Monday, July 4

Climate Lessons from India

India and Pakistan have been suffering for weeks worst heat wave that has been remembered in the Indian subcontinent for more than 100 years, with record temperatures that have exceeded 46º in New Delhi, reaching almost 50º in Jacobabad. The atmosphere is so suffocating that the birds crash to the ground shaken by heat strokes. According to official statistics dozens of people have died, although it is believed that the real numbers could be considerably worse. And it is that global warming and its terrible consequences are not something of tomorrow, but a reality that whips us without mercy. A fact for the deniers: the UK Weather Service has calculated that the probability of extreme heat episodes such as those being experienced by the Indian subcontinent has increased by a factor of 100 due to the increase in global average temperature. A temperature that, let us remember, will continue to rise as long as we continue to emit CO2 and other gases into the atmosphere – among which methane stands out, which is being released massively from permafrost and from the ocean floor due to the effect of the increase in temperature, in a scenario almost apocalyptic feedback.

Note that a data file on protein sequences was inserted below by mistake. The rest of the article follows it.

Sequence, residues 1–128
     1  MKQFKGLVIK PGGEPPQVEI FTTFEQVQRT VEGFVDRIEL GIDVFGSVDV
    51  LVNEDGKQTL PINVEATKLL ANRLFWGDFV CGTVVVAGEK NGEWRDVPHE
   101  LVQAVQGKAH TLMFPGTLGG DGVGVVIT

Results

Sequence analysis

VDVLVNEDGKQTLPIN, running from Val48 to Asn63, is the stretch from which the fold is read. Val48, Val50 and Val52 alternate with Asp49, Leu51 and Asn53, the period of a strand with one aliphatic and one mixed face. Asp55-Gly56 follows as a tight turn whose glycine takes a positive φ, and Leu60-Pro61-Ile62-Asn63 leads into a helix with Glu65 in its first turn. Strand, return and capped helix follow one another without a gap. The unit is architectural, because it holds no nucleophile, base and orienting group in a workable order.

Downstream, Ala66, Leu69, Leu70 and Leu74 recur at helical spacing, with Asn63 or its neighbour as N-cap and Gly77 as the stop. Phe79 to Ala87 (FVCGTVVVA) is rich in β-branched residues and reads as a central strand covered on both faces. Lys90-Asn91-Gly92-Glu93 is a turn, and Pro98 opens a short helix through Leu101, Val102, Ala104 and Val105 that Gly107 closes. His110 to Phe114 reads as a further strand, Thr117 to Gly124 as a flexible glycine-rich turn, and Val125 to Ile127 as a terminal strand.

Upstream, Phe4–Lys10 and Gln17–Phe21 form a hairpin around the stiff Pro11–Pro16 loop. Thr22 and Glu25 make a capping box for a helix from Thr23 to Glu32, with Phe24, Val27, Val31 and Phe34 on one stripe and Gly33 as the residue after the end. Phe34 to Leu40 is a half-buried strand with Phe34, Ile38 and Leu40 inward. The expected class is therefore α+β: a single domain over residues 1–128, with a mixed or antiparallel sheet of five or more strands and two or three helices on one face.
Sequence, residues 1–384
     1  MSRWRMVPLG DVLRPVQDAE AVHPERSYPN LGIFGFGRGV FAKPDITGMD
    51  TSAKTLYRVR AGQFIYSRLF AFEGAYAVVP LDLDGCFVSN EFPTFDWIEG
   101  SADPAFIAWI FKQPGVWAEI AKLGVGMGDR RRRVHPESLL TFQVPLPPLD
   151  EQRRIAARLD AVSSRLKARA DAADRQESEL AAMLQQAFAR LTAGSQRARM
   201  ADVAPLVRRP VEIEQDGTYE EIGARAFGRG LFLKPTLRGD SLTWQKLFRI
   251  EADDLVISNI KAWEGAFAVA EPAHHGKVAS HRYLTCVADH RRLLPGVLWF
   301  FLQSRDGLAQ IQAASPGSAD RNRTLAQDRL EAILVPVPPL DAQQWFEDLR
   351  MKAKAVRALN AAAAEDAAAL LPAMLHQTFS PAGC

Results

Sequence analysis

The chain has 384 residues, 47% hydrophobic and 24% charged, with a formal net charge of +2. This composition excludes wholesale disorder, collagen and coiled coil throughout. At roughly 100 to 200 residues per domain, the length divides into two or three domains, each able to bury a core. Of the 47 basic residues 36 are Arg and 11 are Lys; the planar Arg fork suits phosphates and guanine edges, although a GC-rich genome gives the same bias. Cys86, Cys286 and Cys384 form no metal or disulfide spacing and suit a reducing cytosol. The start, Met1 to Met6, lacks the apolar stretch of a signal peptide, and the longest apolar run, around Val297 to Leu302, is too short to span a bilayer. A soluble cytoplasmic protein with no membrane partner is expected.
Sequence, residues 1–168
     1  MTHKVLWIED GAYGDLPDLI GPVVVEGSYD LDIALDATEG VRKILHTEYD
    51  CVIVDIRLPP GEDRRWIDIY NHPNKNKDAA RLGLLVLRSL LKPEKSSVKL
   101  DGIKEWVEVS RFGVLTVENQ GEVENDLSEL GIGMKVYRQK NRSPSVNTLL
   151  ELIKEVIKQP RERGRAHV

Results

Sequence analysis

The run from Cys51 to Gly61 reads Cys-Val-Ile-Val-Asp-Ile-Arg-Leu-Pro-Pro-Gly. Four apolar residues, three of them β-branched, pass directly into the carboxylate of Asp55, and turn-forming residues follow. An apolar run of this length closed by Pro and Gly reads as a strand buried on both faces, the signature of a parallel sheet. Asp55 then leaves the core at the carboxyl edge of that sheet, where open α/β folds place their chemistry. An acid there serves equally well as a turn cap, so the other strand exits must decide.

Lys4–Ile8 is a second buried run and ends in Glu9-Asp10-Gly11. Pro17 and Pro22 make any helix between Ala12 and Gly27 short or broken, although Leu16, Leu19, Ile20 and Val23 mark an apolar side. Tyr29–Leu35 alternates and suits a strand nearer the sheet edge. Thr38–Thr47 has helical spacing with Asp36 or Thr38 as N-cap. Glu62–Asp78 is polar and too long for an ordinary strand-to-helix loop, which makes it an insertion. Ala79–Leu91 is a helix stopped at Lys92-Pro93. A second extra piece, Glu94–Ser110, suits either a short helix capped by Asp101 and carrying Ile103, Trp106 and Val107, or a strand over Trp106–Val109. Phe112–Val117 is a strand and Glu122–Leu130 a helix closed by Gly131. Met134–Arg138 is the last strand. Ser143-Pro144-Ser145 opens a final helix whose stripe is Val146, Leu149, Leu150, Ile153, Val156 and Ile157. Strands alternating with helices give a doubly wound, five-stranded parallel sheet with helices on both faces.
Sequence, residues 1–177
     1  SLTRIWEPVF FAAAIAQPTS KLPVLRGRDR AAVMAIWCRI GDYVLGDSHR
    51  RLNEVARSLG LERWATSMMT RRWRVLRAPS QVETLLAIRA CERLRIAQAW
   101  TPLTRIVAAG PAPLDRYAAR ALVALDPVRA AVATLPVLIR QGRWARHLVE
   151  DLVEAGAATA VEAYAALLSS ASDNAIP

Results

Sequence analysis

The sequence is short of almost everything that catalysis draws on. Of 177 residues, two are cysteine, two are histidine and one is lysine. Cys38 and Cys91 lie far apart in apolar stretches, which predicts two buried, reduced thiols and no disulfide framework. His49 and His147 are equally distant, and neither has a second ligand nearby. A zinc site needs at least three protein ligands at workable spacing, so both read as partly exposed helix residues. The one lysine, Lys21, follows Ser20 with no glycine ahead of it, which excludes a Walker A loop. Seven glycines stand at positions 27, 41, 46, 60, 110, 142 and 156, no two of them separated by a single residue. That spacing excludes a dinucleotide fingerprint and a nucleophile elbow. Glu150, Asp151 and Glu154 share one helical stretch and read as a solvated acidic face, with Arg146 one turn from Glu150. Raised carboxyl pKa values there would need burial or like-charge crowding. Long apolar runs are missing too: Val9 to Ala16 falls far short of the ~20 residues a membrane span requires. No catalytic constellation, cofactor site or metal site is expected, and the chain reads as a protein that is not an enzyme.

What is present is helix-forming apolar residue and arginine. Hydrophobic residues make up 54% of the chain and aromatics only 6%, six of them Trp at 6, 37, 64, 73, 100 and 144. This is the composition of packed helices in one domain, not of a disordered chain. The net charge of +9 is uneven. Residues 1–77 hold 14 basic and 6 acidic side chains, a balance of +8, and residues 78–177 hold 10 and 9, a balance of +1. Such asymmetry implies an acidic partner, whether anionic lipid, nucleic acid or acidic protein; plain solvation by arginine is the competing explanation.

Nearly one in six people on the planet lives on the Indian subcontinent, a land that has given birth to great civilizations since ancient times, which could soon be uninhabitable for both humans and countless other animal and plant species. It is necessary to remember that the tree mortality rate has shot up by 2 in the humid tropical forests of Australia and that the “dry” one, a phenomenon with a high incidence in our Mediterranean forests, has been gradually increasing throughout the last two decades in our country. The limit of habitability is very clearly delimited by the so-called “wet bulb temperature”, a magnitude that combines the value of the temperature with the humidity in the environment, which is traditionally measured with a mercury thermometer whose bulb is wrapped with a cotton cloth soaked in water, hence the name. By surrounding the thermometer with the cloth, its temperature decreases as the water in the cotton evaporates, until a humidity of 100% is reached, which is the maximum content of humidity (water vapour) that the air can have at the current temperature, moment where evaporation stops. Thus, the wet bulb temperature measures the minimum temperature to which a body can cool naturally through evaporation. This temperature will be higher the warmer and more humid the place is, being always lower than the “dry bulb temperature” (the temperature we usually measure) except under conditions of 100% relative humidity, in which both are equal. Many of us have had very unpleasant experiences in places where high temperatures are combined with high humidity.